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Netanyahu: An earthquake; police acted illegally to oust me

Police hacked phone of key individual in Netanyahu cases without approval — report

Likud faction chief: Revelations are ‘a giant Watergate affair, here in Israel’; data, said found by investigators checking into NSO affair, included photos, texts, phone numbers

Former prime minister Benjamin Netanyahu arrives at the Jerusalem District Court for a hearing in his ongoing corruption trial, on November 22, 2021. (Oren Ben Hakoon/Pool)
Former prime minister Benjamin Netanyahu arrives at the Jerusalem District Court for a hearing in his ongoing corruption trial, on November 22, 2021. (Oren Ben Hakoon/Pool)

Police hacked into the phone of a key person involved in the criminal cases against former prime minister Benjamin Netanyahu and extracted a large amount of data, Hebrew media reported on Wednesday.

According to Channel 12, the person may have been Shlomo Filber, a former director-general of the Communications Ministry and longtime confidant of Netanyahu who is a state’s witness in Case 4000.

In the case, the most severe of the three cases against him, Netanyahu is alleged to have advanced regulatory decisions as communications minister and prime minister that immensely benefited Shaul Elovitch, the controlling shareholder in Bezeq, the country’s largest telecommunications firm, despite opposition from the Communication Ministry’s career officials. In exchange, he allegedly was given what amounted to editorial control over Elovitch’s Walla news site.

Channel 12 aired patchy voice recordings in which police investigators seem to be discussing hacking a person’s phone, just before conducting an interview with Filber.

The reports come as police reel from accusations that they have repeatedly used hacking software from the NSO Group and others to break into citizens’ phones illegally.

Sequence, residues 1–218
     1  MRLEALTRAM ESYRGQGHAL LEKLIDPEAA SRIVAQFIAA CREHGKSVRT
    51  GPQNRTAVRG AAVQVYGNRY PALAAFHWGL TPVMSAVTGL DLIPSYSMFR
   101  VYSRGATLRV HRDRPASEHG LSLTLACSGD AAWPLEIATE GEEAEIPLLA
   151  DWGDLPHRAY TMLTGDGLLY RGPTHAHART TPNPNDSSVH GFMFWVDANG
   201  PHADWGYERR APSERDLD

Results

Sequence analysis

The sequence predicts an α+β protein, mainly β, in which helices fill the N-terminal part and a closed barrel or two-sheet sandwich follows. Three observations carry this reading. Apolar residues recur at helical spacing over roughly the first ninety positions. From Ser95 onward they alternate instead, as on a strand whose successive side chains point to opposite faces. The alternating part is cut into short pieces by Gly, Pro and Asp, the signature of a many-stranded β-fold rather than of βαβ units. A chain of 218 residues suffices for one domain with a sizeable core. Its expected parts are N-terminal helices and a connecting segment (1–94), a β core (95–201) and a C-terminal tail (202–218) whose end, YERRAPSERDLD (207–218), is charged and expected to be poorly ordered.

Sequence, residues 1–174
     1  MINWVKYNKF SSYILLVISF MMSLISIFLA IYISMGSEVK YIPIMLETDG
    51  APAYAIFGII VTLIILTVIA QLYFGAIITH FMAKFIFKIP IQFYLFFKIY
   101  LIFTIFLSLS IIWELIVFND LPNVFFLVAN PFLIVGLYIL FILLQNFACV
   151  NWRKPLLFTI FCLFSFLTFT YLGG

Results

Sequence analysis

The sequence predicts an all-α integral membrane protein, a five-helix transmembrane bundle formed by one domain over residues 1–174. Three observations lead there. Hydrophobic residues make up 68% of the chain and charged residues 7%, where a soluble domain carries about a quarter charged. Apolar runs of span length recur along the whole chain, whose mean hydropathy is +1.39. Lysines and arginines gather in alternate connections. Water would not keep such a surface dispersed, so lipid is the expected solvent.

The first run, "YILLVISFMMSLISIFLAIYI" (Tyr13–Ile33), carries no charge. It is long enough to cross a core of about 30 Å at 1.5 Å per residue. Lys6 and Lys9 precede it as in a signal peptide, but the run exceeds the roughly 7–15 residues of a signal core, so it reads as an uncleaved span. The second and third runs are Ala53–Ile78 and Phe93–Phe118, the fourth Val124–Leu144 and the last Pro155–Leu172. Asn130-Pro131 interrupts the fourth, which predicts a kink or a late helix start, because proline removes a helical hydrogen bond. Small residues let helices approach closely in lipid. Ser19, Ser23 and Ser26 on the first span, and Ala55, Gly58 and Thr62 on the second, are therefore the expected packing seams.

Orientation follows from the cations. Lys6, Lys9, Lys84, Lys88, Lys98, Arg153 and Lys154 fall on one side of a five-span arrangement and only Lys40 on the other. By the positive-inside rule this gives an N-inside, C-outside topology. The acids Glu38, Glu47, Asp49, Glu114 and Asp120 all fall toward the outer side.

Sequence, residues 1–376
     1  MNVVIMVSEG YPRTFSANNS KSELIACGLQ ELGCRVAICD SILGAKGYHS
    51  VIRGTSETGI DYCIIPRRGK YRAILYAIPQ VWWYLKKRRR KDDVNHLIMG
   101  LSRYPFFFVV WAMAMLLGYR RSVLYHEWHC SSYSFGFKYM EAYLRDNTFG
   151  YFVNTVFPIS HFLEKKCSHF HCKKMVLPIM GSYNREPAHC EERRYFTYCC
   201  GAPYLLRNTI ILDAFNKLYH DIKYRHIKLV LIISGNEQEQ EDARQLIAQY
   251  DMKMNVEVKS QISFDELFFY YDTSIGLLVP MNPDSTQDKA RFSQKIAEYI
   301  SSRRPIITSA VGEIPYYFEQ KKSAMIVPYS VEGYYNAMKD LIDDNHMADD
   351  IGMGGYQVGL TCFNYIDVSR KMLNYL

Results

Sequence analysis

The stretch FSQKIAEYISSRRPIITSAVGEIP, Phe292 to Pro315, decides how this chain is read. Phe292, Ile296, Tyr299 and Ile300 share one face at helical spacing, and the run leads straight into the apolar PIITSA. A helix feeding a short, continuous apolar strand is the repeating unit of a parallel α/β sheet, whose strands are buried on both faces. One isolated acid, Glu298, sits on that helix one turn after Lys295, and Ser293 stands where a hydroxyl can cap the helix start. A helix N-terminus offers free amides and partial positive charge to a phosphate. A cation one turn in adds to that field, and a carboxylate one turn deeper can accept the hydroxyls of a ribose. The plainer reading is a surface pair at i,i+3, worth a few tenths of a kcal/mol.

The report did not say whether NSO’s Pegasus program was allegedly used in this case.

Former Communications Ministry director-general Shlomo Filber at a Knesset committee meeting on July 24, 2016. (Yonatan Sindel/Flash90)

Channel 13 reported that the revelation was made as part of an ongoing Justice Ministry inquiry into the NSO affair.

The data retrieved included photos, texts, phone numbers and more, and was taken without a court order, the report alleged.

The network said police have told justice officials that the matter is being looked into, but that the material remained in the tech unit and was not handed over to investigators in the case or to prosecutors.

Channel 13 noted that the discovery could cause serious delays in Netanyahu’s trial, as the opposition leader’s lawyers may demand to review the new revelations and take action over them.

If the phone belonged to a witness who has already testified, the attorneys for the relevant defendants can request a retrial. If it is a witness who did not testify, the attorneys may request a postponement in order to review the material properly, all subject to a court decision.

The revelation could also erode the prosecution’s credibility with the court, and empower Netanyahu to seek an improved plea bargain.

Police said in response to the recording brought by Channel 12 that it would not comment on audio “that allegedly shows police officers whose identities are unknown and cannot be found out.”

Lawyers for co-defendant and Bezeq and Walla owner Shaul Elovitch said that if the report is true, it would represent “a grave crime,” and that there would be serious consequences in court.

Netanyahu tweeted: “An earthquake: This evening it was revealed that police illegally hacked phones in order to bring down a strong right-wing prime minister.”

Likud’s Knesset faction chief Yariv Levin termed the revelations “a giant Watergate affair, here in Israel.”

The former prime minister faces charges of fraud and breach of trust in case 1000 and 2000, and charges of bribery, fraud, and breach of trust in Case 4000. He denies all wrongdoing and claims the charges were fabricated by a biased police force and state prosecution, led by a weak attorney general, backed by leftist politicians and the media.

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